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The germ-free fair
By Laurel Druley, Minnesota Public Radio
August 20, 2001
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North America, Australia and New Zealand are the only areas that remain untouched by foot-and-mouth disease. Officials at Minnesota's county fairs, and soon the Minnesota State Fair, would like to keep it that way. This summer, many county fairs have posted signs and reminded folks about the danger of foot-and-mouth disease. When the Minnesota State Fair opens, there will be signs asking visitors who've travelled outside the United States within the past seven days, not to enter the livestock barns.

Brandon Buck, 12, showed two market barrel pigs. He won first in his class and 14th overall.
(MPR Photo/Laurel Druley)
BRANDON BUCK, 12, showed two market barrow pigs at the Steele County Fair. His blue ribbon dangles from his back pocket, a proud but humble winner.

His father, David Buck, says they'll sell the pigs instead of going to the State Fair competition this year. David Buck says he doesn't dwell on the foot-and-mouth scare, but is taking precautions to protect his cattle at home.

"I'm not real concerned at this point. It sticks in the back of your head. We have cattle as well. I'd hate to see that kind of devastation take place. It's a concern. I think the government's doing a good enough job to monitor and keep the stuff out of the country," he says.

Foot-and-mouth is a highly communicable viral disease that affects cloven-hoofed animals such as goats, pigs, sheep and cattle. It was eradicated in the United States in the 1920s, but a recent epidemic in the United Kingdom led to the slaughter of more than 4 million animals there. While not a danger to humans, the virus can spread from country to country on clothing and shoes. It can survive for days and then be transmitted elsewhere.

Jonathon DeMars, a 4-H Club pork ambassador, passes out ribbons to the Steele County winners. He says, just like any other year, participants must bring papers verifying veterinarians have examined animals before the competition. "There hasn't been as much concern in the last couple months as there was when the first outbreaks were coming out," according to DeMars. "Everyone is a little concerned and there are a lot of farmers that won't be taking their animals home after the fair because they want to make sure their animals don't have anything wrong with them."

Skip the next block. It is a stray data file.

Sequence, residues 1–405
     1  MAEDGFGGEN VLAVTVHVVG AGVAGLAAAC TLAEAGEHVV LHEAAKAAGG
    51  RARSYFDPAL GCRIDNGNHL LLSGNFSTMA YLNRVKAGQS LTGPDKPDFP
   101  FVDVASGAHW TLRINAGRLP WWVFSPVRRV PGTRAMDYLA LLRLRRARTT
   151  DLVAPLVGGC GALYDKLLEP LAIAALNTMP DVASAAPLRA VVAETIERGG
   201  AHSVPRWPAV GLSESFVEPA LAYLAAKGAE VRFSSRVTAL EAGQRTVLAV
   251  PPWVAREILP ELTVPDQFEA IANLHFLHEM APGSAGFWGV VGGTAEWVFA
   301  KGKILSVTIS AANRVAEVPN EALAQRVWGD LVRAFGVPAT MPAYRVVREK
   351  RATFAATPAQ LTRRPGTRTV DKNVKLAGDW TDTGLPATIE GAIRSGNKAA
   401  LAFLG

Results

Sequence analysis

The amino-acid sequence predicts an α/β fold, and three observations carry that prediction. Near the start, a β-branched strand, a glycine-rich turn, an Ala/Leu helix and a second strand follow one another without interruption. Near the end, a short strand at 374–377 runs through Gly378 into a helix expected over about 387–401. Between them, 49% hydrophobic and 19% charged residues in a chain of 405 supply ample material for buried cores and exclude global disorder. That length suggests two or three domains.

Fair officials agree. They say the chance of the disease entering Minnesota during the fair is slim.

Steve Pooch, Assistant Manager of the State Fair competition, says about 1.7 million people come to the fair and about 600,000 go through the livestock barns. Pooch says it would be difficult to make all of those people clean their boots and shoes before entering the barns. He says he hopes the signs posted outside each of the eight barns will be sufficient.

"We're not officially enforcing it," he says. "People are on the honor system and we feel people are going to obey this. They don't want to be the person to bring it into the country. It would be difficult to enforce."

There are improved efforts this year to keep the fair safe, not just for the livestock, but for humans. Health officials have set up hand-washing stations outside the barns and food concession stands to remind visitors of good hygiene.

About 15,000 animals will arrive at the fairgrounds by Wednesday. And officials say, as always, they will all be examined by a veterinarian prior to the competition. But Steve Pooch says, they aren't testing for foot-and-mouth disease.